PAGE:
“Unapologetic.” Uttered often, but how is it personified? In 1998, I learned – without knowing I’d learned. That year, my English teacher assigned us Zora Neale Hurston’s “Their Eyes Were Watching God”. It’s Southern dialect reminiscent of afternoon porch conversations amongst my great-grandmother and her … Continue reading #ZoraDay

Reflections on Charlottesville



Downtown Charlottesville

Source: “Downtown Charlottesville” by Bob Mical – Under Creative Commons license

I shouldn’t have been alarmed by Charlottesville. I’ve studied Dr. Frances Cress Welsing and Dr. Neely Fuller. I’ve become accustomed to the dog-whistles and divisive rhetoric as they’ve gained traction over the years. I had a talk with my mother. She lived through Jim Crow. “Are you surprised by what happened in Charlottesville?”, I asked. Unfazed, she replied, “No. They’ll never change.” The discussion itself made it hard to prove her wrong. Still, witnessing it in 2017 was jarring. Those haunting images from my history books had finally sprang to life.

The normalization of all things degenerate is dangerous. Charlottesville was a stark reminder. The need for one group to have an advantage over others. Equality being threatening to some. The possibility of a level playing field exposing inadequacies. Opportunities that were always guaranteed to some having to be earned instead. All nonsensical concepts to someone who deals largely in logic. Frightening or perfectly normal to those who don’t. The refusal to grant equal rights and access to opportunities to all is the basis for this country’s turmoil. It’s why the “Make America Great Again” slogan has always been an offensive fabrication. That turmoil has been the barrier to greatness. Which brings me to the alleged cause of Charlottesville’s riots: the removal of a Confederate statue. Chants of “Blood And Soil” and “Jews Will Not Replace Us” revealed that allegation to be a fabrication as well. 

It’s easy to dispel the myths about Confederate statues, flags and the “heritage” they represent. That “heritage” has long been established as one of inequality. One need only study when those monuments were built and when their “importance” has resurfaced throughout history. Erected during the start of Jim Crow, they reappeared to signify opposition to the Civil Rights Movement. Now, the center of riots during arguably the most polarizing presidential regime of our lifetimes.

They are overdue for demolition. They shouldn’t continue to be financed on the dime of those they oppress. They are emblematic of a history of murder, pillage and slavery. One without malice would prefer to memorialize a more progressive era of history. Statues should be reserved for those who contributed to the greater good. Liberty and equality. A mantra that this country often recites, but has yet to fulfill. A promise that can’t become a reality with those replicas as constant public reminders of my ancestors’ pain.

In the aftermath of Charlottesville, what’s the necessary step forward? Since I’m unaware of any groups’ pending mass exodus from this country, coexistence remains a reality; which requires the work of allies. Potential allies, I’ve seen your “ThisIsNotUs” hashtags. Prove it. America is ailing, use this opportunity to help heal her. Your future generations should be able to look back and find you leading the fight against inequality, not contributing to it with your indifference. Marching is no longer enough. Learn biases and history. Have ongoing conversations with people from diverse backgrounds and philosophies. Become activists. Doing so will create a “heritage” that we can all salute to.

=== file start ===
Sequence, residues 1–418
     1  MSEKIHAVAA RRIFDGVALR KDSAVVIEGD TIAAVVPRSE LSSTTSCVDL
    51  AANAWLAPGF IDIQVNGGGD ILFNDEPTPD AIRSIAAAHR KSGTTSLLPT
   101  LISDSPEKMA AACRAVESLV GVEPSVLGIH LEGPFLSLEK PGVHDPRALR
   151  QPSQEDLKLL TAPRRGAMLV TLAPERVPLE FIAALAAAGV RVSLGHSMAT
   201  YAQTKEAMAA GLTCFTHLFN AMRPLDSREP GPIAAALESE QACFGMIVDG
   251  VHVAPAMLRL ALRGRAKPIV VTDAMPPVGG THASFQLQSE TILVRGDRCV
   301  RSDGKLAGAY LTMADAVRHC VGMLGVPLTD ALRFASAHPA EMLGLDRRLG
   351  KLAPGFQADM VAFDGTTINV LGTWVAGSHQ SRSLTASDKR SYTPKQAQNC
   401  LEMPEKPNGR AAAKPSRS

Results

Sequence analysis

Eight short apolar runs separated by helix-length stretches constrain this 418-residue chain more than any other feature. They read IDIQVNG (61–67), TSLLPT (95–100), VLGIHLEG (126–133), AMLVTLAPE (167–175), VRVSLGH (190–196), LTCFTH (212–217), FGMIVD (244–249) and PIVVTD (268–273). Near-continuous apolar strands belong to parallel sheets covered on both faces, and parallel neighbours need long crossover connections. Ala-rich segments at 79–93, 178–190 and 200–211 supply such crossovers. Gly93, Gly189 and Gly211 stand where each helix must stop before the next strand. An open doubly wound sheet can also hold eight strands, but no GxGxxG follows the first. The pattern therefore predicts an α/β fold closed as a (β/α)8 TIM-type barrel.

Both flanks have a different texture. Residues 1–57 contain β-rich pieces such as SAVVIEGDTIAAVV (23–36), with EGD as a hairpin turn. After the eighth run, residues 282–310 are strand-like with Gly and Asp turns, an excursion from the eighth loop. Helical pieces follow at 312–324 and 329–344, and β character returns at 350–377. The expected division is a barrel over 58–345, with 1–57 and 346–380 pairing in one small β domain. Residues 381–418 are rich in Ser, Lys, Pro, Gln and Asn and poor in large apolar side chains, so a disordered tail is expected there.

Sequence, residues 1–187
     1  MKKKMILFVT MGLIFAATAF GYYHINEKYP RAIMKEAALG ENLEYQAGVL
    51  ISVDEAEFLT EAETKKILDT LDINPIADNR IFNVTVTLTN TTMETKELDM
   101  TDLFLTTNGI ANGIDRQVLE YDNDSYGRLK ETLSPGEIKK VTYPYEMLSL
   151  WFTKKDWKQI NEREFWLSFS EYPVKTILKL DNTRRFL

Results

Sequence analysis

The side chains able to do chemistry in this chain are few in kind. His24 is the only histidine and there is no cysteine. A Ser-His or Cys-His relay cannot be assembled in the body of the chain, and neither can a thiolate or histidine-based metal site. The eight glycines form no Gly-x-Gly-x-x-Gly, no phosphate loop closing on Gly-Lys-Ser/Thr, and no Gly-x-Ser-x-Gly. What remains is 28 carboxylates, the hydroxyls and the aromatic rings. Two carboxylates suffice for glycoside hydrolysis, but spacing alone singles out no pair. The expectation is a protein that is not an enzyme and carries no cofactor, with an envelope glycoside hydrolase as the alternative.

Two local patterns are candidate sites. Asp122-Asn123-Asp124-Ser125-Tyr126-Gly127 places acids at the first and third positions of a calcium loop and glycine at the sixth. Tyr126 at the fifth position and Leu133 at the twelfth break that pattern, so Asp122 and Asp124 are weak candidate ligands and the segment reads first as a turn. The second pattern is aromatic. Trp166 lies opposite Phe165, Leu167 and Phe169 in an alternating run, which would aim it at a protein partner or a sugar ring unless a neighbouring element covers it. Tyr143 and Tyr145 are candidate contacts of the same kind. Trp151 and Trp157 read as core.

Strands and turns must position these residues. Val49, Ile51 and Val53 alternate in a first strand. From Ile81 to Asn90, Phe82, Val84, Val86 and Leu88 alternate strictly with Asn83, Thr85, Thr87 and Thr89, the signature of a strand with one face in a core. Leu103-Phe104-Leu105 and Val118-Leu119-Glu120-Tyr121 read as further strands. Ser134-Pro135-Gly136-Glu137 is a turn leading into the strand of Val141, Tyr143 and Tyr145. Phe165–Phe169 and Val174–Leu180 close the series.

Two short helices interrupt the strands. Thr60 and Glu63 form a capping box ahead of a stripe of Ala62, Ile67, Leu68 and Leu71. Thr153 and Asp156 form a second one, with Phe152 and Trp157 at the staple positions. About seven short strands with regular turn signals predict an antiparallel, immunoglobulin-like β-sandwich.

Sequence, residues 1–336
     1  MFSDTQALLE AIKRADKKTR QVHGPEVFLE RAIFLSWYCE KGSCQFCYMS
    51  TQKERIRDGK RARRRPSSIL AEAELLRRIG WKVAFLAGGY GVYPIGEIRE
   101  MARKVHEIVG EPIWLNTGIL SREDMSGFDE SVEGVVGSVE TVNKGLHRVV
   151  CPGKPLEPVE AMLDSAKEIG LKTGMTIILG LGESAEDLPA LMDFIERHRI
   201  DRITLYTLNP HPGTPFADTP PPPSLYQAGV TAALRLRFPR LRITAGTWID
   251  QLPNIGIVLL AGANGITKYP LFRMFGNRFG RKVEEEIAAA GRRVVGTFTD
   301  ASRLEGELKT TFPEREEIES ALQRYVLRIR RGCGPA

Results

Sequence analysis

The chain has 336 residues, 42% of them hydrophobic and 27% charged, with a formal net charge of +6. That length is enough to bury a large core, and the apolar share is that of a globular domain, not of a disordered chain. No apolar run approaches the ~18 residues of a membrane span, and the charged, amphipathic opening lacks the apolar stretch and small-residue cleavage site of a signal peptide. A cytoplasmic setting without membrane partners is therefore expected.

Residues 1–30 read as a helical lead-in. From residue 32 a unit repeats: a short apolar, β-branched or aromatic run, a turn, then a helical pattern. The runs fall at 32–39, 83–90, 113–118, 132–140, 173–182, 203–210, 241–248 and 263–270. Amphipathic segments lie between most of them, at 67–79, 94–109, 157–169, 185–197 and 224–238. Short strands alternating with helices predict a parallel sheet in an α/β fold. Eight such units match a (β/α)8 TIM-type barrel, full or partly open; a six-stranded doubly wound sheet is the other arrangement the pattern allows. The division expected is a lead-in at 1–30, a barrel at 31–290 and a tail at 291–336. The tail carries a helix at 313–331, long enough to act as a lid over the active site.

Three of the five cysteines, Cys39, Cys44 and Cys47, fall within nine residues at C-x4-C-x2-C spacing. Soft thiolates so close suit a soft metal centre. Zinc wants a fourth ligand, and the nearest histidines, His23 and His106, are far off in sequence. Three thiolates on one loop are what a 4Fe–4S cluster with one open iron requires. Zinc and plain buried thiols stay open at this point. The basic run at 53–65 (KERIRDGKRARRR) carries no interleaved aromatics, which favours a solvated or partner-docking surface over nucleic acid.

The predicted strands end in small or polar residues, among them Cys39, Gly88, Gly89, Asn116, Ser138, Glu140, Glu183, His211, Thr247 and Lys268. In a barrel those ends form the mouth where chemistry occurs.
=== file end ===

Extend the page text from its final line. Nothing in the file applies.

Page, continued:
The Blueprint 4: My Take On “4:44”

Jay-Z has always been the most confident guy in the pack. Therefore, it was a struggle to hear him compete with the new kids on 2013’s Magna Carta. We diehards fans knew he was capable of more, even as we shimmied to “Tom Ford”. Art collection and designer label bars were no longer fulfilling. Jay-Z was a father, husband and hip-hop veteran. Weren’t there more poignant issues to address?

While I rarely have lofty political expectations for artists, I anticipated heightened awareness from Jay-Z on “4:44”, given the country’s current social climate. No I.D, whom I’ve been a fan of since Common’s Resurrection, was solely enlisted for the album, so the production being solid was a given. Would Jay-Z’s lyrics match it? Well, Black economic empowerment, homosexuality, financial literacy, infidelity and generational wealth are all explored on 4:44 in ways that he’s never done so on wax. At 47, it was about time, right? Whether he’s truly baring his soul on every song or if this new layer is merely another example of brilliant marketing matters not. 4:44’s cohesion and direction make it Jay-Z’s most mature work to date. I’m seldom present for “mumble rap”, so this level of sophistication is welcomed.

Clocking in at a mere 36-miuntes, 4:44 is refreshingly concise. Jay-Z doesn’t waste bars and No I.D.’s soul loops never become tedious. There’s no obvious, radio-friendly single. Trends aren’t chased here. Jay-Z goes beyond sporadic introspection and makes candor the central theme of the album. Blacker than he’s ever been content-wise, though revealing no conclusion the “woke” brigade hasn’t already reached. Nonetheless, if one is inspired from listening; mission accomplished. Isn’t inspiration the ultimate objective of art? The lyrical wit is there, but craftier than it’s been since The Black Album. “Niggas is skippin’ leg day/Just to run they mouth” is a kill shot Kanye never heard coming.  Jay-Z sounds most at home when he does what he’s arguably unparalleled at: influencing the culture…an aspect that is key to his legendary status. Missing from his music for nearly a decade, it makes its return on 4:44. “Welcome back, Carter”.